Edit: Nevermind, I completely misread the OP's post indicating he was selecting a processing method to archive his discs to a PC. What I stated was good info, but entirely unreleated to the OP's question.

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post #6 of 15 Old 03-18-2008, 03:43 PM - Thread Starter
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Quote:
Originally Posted by tripleM View Post

How are you getting the rare DTS-HD audio on TopGun?
The specs only shows:

Dolby TrueHD 5.1 Surround (48kHz/24-bit/3.5Mbps), DTS-ES 6.1 Matrixed Surround (768kbps) and Dolby Digital-Plus 5.1 Surround (768kbps).

It says DTS-HD when I use EVO Demux. Maybe the program is mislabeling it.

Nero reads it as dTS ES 7 channel discreet audio from the original.

If this is DTS ES, then which is better?

Isn't DTS (normal) 1.5 and AC3 is 768? why would DTS-ES 6.1 be only 768? or did you mistype that? Doesn't seem correct that DTS would be the same codec if it is a less efficient and less lossy than DD.

EDITED:

I double check. It is DTS 6.1 discreet and not DTS ES matrix. It is not DTS-HD (wonder why EVO Redux would label as such.. must be a software error but can't complain about a free program).

So then I guess the question is which is better. DTS ES 6.1 Discreet or Dolby TrueHD?

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post #7 of 15 Old 03-18-2008, 03:52 PM
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Quote:
Originally Posted by bjmarchini View Post

It says DTS-HD when I use EVO Demux. Maybe the program is mislabeling it.

Nero reads it as dTS ES 7 channel discreet audio from the original.

If this is DTS ES, then which is better?

To answer your real question
It would seem to me that TrueHD is going to be superior. Both are being output as LPCM, but selecting TrueHD will at least give you lossless. I do beleive the program is misreading DTS-ES as DTS-HD. DTS-ES's only benefit would be a 6th channel, but since it's only a matrixed 6th channel, it really isn't going to add anything. Personally I'd encode from the cleaner of the two, which would definately be TrueHD.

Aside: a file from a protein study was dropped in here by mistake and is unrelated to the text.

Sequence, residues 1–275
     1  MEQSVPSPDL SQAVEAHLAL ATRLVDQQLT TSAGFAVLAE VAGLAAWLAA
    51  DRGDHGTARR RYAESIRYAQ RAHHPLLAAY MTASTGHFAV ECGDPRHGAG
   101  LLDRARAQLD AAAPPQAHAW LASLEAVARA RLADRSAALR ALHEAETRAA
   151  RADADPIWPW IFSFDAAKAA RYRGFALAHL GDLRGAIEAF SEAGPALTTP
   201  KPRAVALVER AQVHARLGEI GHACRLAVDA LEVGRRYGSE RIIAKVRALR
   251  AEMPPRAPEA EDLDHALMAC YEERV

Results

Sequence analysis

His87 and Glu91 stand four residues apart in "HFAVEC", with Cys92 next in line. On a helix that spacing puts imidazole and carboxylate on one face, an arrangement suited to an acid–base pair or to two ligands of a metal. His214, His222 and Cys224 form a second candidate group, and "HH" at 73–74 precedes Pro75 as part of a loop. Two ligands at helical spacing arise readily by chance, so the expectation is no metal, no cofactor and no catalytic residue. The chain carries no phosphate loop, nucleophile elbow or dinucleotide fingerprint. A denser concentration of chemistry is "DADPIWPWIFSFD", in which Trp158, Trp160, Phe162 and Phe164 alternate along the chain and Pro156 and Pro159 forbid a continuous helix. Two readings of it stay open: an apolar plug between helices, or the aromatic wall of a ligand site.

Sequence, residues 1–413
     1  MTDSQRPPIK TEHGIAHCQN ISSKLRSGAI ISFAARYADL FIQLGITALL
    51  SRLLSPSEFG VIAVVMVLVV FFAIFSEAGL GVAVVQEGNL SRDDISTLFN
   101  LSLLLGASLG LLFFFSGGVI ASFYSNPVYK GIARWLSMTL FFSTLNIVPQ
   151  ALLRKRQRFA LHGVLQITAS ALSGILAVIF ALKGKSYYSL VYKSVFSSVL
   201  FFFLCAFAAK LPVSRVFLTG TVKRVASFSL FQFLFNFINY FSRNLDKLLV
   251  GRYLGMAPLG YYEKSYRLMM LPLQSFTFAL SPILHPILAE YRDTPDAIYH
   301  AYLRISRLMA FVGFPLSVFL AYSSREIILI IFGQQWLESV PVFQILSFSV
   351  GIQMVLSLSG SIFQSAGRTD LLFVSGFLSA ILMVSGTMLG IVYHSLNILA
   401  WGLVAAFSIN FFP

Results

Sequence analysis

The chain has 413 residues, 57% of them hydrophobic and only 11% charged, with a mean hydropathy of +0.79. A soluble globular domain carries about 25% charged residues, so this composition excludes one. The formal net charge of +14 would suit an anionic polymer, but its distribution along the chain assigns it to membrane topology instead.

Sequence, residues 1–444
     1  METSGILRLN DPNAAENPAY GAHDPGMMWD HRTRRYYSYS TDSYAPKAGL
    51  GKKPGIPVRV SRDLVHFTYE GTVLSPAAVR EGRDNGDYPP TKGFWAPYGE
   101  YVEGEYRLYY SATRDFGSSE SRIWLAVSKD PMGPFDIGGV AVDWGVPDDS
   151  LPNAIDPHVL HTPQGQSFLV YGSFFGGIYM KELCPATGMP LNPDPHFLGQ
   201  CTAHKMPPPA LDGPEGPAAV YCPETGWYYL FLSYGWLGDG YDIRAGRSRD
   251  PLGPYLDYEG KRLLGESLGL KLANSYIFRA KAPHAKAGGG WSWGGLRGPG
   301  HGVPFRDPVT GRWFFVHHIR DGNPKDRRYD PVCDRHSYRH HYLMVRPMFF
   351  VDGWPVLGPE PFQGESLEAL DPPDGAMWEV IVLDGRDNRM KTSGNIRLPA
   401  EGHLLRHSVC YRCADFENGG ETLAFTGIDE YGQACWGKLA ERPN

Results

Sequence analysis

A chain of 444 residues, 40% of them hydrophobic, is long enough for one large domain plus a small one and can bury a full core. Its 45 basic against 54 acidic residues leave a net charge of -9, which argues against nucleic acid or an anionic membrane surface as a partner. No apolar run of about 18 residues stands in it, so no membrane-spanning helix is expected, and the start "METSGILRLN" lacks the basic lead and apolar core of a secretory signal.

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post #8 of 15 Old 03-18-2008, 04:03 PM - Thread Starter
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Quote:
Originally Posted by WirelessGuru View Post

There's a ton of topics already on this... but to answer your question...

TrueHD is better than DTS-HD because TrueHD is lossless and DTS-HD is a core of DTS-HD-MA...

Now if you meant to say DTS-HD-MA which is also lossless, TrueHD and DTS-HD-MA would be identical because they would both offer a bit-for-bit reproduction of the master.

If you want to go into the technical aspects, DTS-HD-MA would likely be the superior lossless codec because the core is built into it, whereas with TrueHD, a companion DD+ track would have to also be put on the disc. That would mean the TrueHD+DD+ track would assume more space than a single DTS-HD-MA track with DTS-HD core included.

Simple enough?

Edit: Nevermind, I completely misread the OP's post indicating he was selecting a processing method to archive his discs to a PC. What I stated was good info, but entirely unreleated to the OP's question.

Ah, so TrueHD is still better. DTS-HD Master=TrueHD>DTS-ES 6.1 discreet>DD+>DTS>DD>Neo:6>Dolby Surround?

I wonder why they would carry all 3 codecs? It would make sense to carry the two Dolbys but not a third one in between. I guess that is why this is the first time I have seen this on an HD DVD. Usually there is just DD+ and sometimes also a TrueHD.

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post #9 of 15 Old 03-18-2008, 05:13 PM
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Quote:
Originally Posted by bjmarchini View Post

I wonder why they would carry all 3 codecs? It would make sense to carry the two Dolbys but not a third one in between. I guess that is why this is the first time I have seen this on an HD DVD. Usually there is just DD+ and sometimes also a TrueHD.

I agree. I think Paramount just decided to throw it in there because they had already mastered a DTS-ES track for the SD-DVD Collectors Edition and they had some extra space on the HD-DVD release so they threw it in as a bonus for DTS fans.

I have compared these tracks though and the DTS is a bit different from the TrueHD and DD+. One point specifically is at the very start when they are launching planes off the carrier. On second thought you might just want to do a comparison and choose which sounds best to your ears. I was just clarifying which is "technically" superior or at least closest to the master. Just remember to equalize volumes when comparing. If I recall correctly, the DTS track is recorded much louder than the dolby tracks.